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Large Genetic Study Claims Correlation Between Severe COVID-19 and Genes

Sandipan Talukdar |
A new research claims to have revealed fresh details of genetically determined biological mechanisms that are behind severity of the disease.

Scientists claim that there are genes in human bodies that can correlate to severity of the COVID-19 disease. One of the interesting aspects of the COVID-19 disease is the wide ranged manifestations of symptoms, starting from asymptomatic and mild symptomatic to severe respiratory disorder. Scientists have been exploring whether genes can play a role in an individual developing a particular symptom. However, it is worth mentioning here that the variation in symptoms because of COVID-19 is attributable to several other factors like viral loads (amount of virus in the body), virus variant, and others; the genetic correlation could be a part of it.

To decipher how genetics is correlated to disease severity, it is pertinent to have a good number of samples. Merely by looking at few individuals and their genetic make-up cannot decisively establish the relation to disease severity. In this direction, scientists have moved a step further. A research published in the Nature on March 7, has reported to have analysed huge samples to look into genetics and its correlation to the severity of disease.

In the latest research, scientists have studied genetics of thousands of people. The research claims to have revealed fresh details of genetically determined biological mechanisms that are behind severity of the disease. The study found some 16 new genetic variants that can be associated with severe COVID-19, and among these, some are related to blood clotting, immune response, and inflammation, the researchers reported.

The researchers behind the project belong to the GenOMICC consortium, which is a global collaboration for studying genetics in critical illness and is led by the University of Edinburgh. They partnered with Genomics England. The team of researchers sequenced genomes of 7491 patients that were admitted to the ICU (Intensive Care Unit) in UK. The gene sequences were compared with 48,000 other people who did not have COVID-19 along with 1630 people who had mild symptoms.

The whole genome sequencing done in the study helped the scientists to have a detail map of the genetics of the participants. Genome, roughly denotes all of the genes of an individual. Knowing all the genes of the participants and which among them are related to severe patients made the scientists able to screen out 16 genes that are related to the ICU patients. The study also confirmed seven other genetic variations that were found earlier in serious patients.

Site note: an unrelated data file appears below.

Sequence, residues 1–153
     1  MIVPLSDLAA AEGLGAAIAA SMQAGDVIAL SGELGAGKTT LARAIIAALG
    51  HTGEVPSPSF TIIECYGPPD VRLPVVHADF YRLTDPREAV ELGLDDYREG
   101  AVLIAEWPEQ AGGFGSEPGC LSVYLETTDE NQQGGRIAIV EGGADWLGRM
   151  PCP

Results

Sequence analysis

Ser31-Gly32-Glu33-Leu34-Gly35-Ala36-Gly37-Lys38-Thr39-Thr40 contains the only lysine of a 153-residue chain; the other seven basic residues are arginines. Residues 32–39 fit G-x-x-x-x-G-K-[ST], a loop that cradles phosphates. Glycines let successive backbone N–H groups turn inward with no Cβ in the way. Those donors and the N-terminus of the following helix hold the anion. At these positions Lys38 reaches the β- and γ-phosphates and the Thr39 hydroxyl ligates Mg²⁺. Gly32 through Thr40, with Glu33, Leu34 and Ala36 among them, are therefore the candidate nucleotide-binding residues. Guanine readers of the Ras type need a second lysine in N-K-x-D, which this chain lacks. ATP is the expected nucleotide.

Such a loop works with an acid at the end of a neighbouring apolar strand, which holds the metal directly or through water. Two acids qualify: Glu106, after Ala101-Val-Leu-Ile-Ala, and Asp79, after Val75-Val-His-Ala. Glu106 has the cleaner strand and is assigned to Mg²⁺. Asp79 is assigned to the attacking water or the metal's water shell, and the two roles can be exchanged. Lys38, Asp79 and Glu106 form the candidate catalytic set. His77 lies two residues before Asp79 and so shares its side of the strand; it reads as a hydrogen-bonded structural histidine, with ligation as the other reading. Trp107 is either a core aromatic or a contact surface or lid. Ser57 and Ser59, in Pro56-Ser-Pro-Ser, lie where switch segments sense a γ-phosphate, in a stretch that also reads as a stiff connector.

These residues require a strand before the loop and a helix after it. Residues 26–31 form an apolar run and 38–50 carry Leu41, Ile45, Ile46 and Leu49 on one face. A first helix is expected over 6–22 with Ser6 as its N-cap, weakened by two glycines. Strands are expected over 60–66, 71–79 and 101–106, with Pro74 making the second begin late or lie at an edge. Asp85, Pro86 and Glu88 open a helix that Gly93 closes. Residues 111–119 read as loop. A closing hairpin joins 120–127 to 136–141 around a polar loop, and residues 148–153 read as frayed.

“Our latest findings point to specific molecular targets in critical Covid-19. These results explain why some people develop life-threatening Covid-19, while others get no symptoms at all. But more importantly, this gives us a deep understanding of the process of disease and is a big step forward in finding more effective treatments. It is now true to say that we understand the mechanisms of Covid better than the other syndromes we treat in intensive care in normal times -- sepsis, flu, and other forms of critical illness. Covid-19 is showing us the way to tackle those problems in the future,” commented Prof Kenneth Baillie, the project’s chief investigator.

“As Covid-19 evolves, we need to focus on reducing the number of people getting seriously ill and being hospitalised. Through our whole genome sequencing research, we have discovered novel gene variants that predispose people to severe illness -- which now offer a route to new tests and treatments, to help protect the public and the NHS from this virus, said Mark Caulfield, co-author of the study.

The findings of the study also show that interferon alpha 10, a key messenger molecule of the immune system, was disrupted by a particular gene variant and was enough to increase the risk of developing serious disease. Along with this, the study also found particular gene variation can disrupt the blood clotting component known as Factor 8 (a protein) and lead to critical illness in COVID-19 patients.

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